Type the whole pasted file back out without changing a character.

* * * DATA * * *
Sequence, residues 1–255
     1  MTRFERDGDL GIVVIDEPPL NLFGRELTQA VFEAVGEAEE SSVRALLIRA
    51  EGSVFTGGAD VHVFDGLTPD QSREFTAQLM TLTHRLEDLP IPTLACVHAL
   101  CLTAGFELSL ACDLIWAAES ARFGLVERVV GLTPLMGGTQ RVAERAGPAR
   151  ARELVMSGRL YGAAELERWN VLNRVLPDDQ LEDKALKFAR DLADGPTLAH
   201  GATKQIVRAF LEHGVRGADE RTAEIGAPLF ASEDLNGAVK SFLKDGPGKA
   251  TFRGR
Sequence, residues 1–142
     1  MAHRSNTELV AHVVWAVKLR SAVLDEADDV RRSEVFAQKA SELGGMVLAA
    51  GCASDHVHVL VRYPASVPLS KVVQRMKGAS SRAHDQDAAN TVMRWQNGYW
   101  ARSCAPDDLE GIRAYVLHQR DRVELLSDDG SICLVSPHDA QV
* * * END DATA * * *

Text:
Sequence, residues 1–255
     1  MTRFERDGDL GIVVIDEPPL NLFGRELTQA VFEAVGEAEE SSVRALLIRA
    51  EGSVFTGGAD VHVFDGLTPD QSREFTAQLM TLTHRLEDLP IPTLACVHAL
   101  CLTAGFELSL ACDLIWAAES ARFGLVERVV GLTPLMGGTQ RVAERAGPAR
   151  ARELVMSGRL YGAAELERWN VLNRVLPDDQ LEDKALKFAR DLADGPTLAH
   201  GATKQIVRAF LEHGVRGADE RTAEIGAPLF ASEDLNGAVK SFLKDGPGKA
   251  TFRGR
Sequence, residues 1–142
     1  MAHRSNTELV AHVVWAVKLR SAVLDEADDV RRSEVFAQKA SELGGMVLAA
    51  GCASDHVHVL VRYPASVPLS KVVQRMKGAS SRAHDQDAAN TVMRWQNGYW
   101  ARSCAPDDLE GIRAYVLHQR DRVELLSDDG SICLVSPHDA QV